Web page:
Lost since its discovery in the 1930s and with two previous searches in the 1970s and 1990s failing to find the dinosaur fossil, it took the local knowledge of Richmond Mayor John Wharton, who grew up on Clutha station, and some country-can-do to find the lost site Dr Poropat had first heard of in 2012 as a student in Sweden.

Mr Wharton remembered the two acacia posts of the sign erected at the fossil site by palaeontologists in the 1930s from his childhood but when he returned in 2014 he couldn’t find them, Dr Poropat said.

Not to be defeated, he used a helicopter to find the posts he was sure were still there but had just fallen over.

“And that’s how we found it, it’s quite remarkable to find dinosaur fossils from the air.”

A dig crew in 2015 watch as a council worker excavates the site. Dr Stephen Poropat, Swinburne University

Dr Poropat said Austrosaurus mckillopi was a 15-metre long barrel-chested herbivore with four column-like legs.

“Think an elephant’s body in size and shape but with a small head, long neck and a long tail.”

Sauropods like Austrosaurus mckillopis lived from 200 million to 66 million years ago but the fossil discovered at Clutha sheep station discovery is the only one of its kind.


Roberts was a drug user: Wayne Bennett

Wayne Bennett has made the startling admission that James Roberts had a drug and alcohol problem and praised the Brisbane centre’s will to get his life and NRL carer back on track.


“Jimmy The Jet” on Thursday celebrated an exciting new chapter in his life with a four-year contract extension to stay at the Broncos until 2021.

The 24-year had no lack of suitors, however made it clear he wanted to be at Red Hill for the rest of his career under the guidance of coach Bennett and CEO Paul White.

Having been sacked earlier in his career by South Sydney and Penrith, Roberts was in danger of squandering his talents because of off-field issues.

A stint in a Thailand rehabilitation facility and the birth of his son Kirk resulted in him maturing as a man and a player.

His new-found peace of mind has been a major factor for Roberts, considered one of the fastest players in the NRL, rediscovering his best form in 2017.

Roberts has come so far from his trouble-plagued past that the club had refused to have behavioural clauses inserted into his contract.

“When he came here last year, you can hardly say he was part of the team,” Bennett said.

“But he is, an important part of the team, and an equal – they all respect him.”

“It’s not all about James anymore.

“It’s about the team and he interacts with them and he’s valued by them.

“His off-field behaviour, he’s made some commitments there and it’s not easy. He’s given up alcohol, given up drugs. He’s been in that situation for six or seven months and that’s been a game-changer for him.

“That’s why he’s got a four-year contract.”

Roberts, who this year was spoken about as a possible NSW State of Origin debutant, said he wanted to stay with Brisbane for the rest of his playing career.

He was reportedly chased by five rival clubs but decided to stay after getting his life back on track.

“I’ve always been able to play footy, but getting my life right off the field has been the main factor and I think they’ve done a wonderful job,” Roberts said.

Warriors undaunted by uphill finals climb

The maths are looking increasingly grim for the Warriors – but a flicker of NRL finals hope continues to burn.


With six round-robin matches remaining, Stephen Kearney’s troops need at least five wins to hit the traditional 28-point finals barrier – yet, beyond Friday’s clash with the high-flying Sharks, that challenge doesn’t seem insurmountable.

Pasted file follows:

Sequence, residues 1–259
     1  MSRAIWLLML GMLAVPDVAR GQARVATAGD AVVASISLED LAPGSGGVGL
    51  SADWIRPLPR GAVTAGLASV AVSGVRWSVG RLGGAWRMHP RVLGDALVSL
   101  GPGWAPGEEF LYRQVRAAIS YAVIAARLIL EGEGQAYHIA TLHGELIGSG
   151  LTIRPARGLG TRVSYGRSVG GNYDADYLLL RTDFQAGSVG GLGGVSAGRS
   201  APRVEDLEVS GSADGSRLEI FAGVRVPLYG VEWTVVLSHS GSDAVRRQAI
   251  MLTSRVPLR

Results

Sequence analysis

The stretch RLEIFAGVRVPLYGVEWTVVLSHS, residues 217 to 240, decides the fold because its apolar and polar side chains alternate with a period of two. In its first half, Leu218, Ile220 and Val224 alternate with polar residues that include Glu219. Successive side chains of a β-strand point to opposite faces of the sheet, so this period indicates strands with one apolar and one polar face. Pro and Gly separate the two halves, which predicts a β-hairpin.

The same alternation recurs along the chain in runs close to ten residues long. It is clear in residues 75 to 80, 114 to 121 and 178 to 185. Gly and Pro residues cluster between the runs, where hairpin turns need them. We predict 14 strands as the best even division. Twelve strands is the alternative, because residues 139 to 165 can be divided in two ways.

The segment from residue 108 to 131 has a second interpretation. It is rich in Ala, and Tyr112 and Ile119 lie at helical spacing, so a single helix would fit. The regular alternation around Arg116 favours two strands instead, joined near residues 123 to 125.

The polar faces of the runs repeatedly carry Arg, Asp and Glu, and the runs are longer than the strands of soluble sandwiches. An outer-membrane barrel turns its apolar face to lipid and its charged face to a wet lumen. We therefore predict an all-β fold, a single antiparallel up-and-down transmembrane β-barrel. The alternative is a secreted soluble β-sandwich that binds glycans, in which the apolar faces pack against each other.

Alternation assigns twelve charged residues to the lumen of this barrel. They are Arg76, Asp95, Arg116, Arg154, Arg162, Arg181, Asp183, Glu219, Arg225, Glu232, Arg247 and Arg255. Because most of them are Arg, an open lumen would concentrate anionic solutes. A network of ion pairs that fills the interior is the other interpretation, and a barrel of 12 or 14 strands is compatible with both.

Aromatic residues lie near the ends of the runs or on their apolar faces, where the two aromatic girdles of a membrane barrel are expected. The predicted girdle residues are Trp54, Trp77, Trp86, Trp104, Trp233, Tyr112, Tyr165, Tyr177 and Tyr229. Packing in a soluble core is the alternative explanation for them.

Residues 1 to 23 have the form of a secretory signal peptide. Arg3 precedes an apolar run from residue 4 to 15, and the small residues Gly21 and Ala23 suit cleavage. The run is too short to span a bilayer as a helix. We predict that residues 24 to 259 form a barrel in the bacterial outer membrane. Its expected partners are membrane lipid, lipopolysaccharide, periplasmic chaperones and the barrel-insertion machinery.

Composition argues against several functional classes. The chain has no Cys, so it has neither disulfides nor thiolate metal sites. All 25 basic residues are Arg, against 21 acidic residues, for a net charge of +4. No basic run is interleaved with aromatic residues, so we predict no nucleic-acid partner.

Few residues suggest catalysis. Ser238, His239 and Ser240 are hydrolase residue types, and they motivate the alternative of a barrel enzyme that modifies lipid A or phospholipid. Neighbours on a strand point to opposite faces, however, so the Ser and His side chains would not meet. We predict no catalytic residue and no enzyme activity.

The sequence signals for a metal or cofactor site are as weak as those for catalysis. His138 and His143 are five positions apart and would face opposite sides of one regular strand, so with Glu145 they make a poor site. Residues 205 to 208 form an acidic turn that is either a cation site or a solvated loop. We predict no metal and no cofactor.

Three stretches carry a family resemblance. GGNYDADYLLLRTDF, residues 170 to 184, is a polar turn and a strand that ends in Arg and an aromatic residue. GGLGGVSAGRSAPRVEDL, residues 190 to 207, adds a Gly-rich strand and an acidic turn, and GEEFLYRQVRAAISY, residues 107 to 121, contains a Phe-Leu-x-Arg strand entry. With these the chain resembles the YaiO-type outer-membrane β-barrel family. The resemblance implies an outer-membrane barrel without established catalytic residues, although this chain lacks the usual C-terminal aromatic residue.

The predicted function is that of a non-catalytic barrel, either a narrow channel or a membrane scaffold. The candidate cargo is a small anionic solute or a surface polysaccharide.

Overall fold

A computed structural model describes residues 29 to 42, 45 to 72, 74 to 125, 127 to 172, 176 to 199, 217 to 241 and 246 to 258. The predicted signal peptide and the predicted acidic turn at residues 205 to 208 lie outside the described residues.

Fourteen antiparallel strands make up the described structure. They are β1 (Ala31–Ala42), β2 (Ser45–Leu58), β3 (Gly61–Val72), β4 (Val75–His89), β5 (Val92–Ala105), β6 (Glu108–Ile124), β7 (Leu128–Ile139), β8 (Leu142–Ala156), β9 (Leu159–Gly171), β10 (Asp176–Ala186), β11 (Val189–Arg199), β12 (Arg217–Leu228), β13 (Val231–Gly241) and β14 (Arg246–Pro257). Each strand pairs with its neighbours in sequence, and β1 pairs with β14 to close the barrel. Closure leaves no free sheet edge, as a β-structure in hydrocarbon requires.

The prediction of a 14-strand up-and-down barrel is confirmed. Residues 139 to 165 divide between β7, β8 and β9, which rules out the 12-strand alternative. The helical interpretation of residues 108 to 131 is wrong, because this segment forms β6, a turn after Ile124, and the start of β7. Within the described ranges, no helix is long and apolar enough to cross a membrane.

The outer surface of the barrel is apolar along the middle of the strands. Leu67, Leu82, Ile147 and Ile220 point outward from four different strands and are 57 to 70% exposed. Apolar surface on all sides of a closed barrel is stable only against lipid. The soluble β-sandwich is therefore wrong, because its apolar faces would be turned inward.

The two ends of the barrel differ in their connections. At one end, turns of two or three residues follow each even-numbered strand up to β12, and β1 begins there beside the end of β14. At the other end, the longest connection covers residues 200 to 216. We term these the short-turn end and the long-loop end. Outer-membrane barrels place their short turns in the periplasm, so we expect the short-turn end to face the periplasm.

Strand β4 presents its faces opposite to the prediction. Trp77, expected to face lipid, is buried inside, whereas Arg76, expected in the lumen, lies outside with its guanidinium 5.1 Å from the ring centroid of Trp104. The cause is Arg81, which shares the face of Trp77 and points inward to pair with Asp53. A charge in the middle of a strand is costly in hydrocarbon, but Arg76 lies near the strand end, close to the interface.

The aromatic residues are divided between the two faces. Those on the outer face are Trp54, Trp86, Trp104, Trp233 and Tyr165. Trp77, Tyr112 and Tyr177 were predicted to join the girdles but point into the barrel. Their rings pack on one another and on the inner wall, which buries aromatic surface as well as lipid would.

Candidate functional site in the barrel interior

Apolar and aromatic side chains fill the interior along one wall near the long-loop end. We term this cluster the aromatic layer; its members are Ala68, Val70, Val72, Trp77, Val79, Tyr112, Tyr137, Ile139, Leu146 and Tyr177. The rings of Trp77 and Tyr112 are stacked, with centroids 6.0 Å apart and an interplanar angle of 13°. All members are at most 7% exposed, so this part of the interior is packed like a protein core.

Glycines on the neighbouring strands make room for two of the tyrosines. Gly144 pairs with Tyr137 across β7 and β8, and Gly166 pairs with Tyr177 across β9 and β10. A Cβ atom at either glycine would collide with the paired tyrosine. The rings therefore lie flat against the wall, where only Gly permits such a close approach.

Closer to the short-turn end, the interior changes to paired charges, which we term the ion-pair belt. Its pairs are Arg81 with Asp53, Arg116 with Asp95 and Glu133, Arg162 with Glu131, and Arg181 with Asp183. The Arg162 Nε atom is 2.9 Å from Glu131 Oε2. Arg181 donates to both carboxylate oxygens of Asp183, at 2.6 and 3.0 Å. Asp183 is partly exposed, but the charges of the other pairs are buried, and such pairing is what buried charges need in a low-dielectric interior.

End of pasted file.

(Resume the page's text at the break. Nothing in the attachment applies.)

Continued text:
Matches against fellow battlers Newcastle, Canberra and South Sydney will follow, before a major test at home in the form of sixth-placed Manly.

A tussle with the lowly Tigers will then close out the season.

For Warriors skipper Roger Tuivasa-Sheck, there’s no reason why his 12th-placed side can’t sneak into the top eight – or even cause an upset this weekend over the fourth-placed Sharks, who have lost three of their past six games.

All the right signs had been there in the Warriors’ 24-12 loss to North Queensland last weekend, particularly up front.

Typically flaky for much of the 2017 campaign, the Warriors’ forwards showed genuine steel against the Cowboys, making more running metres than their opponents and neutralising the likes of Jason Taumalolo and Coen Hess.

“The Sharks, they’re another similar team to the Cowboys – a big forward pack,” Tuivasa-Sheck said, referring to the rampaging Andrew Fifita.

“If we can continue to have our middles play that physical game up front, and a few of us fix our execution plays – that’s where we lost in the last game – against the Sharks, we can fix it up and come away with the points.

“A lot of the errors from the Cowboys game were players just not clear on what plays we’re on, where we’re supposed to be.”

With Shaun Johnson still nursing a knee injury, Mason Lino retains his grip on the Warriors’ No.7 jumper ahead of fellow young gun Ata Hingano.

More damaging for Kearney’s side, however, is the loss of prop James Gavet to an arm injury – placing the onus on Ben Matulino and Jacob Lillyman to front.

Kearney was confident the pair would do the business.

“The focus this week is on making sure, up against another good team, that we make them earn every metre they can,” Kearney said.

“All week it’s been about making sure it’s an 80-minute performance, and not having those periods where we drop off. It’s a wonderful challenge against the defending premiers and what they bring.”


– Cronulla has won seven of their past nine NRL matches against the Warriors – however, each of the previous four has been decided by four points or less.

– Despite sitting 12th on the NRL ladder, the Warriors have lost just twice at Mount Smart Stadium in 2017, to Melbourne and Penrith.

– The Sharks have lost away from home just once in 2017.